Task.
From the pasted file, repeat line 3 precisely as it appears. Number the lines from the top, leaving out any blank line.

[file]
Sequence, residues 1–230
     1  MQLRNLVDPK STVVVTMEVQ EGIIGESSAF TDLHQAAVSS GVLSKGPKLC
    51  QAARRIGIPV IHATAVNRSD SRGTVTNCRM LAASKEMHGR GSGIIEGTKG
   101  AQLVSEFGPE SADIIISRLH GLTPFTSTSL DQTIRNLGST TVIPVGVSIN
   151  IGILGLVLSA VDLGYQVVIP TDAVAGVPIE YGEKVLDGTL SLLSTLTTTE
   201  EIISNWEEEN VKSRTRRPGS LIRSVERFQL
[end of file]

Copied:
    51  QAARRIGIPV IHATAVNRSD SRGTVTNCRM LAASKEMHGR GSGIIEGTKG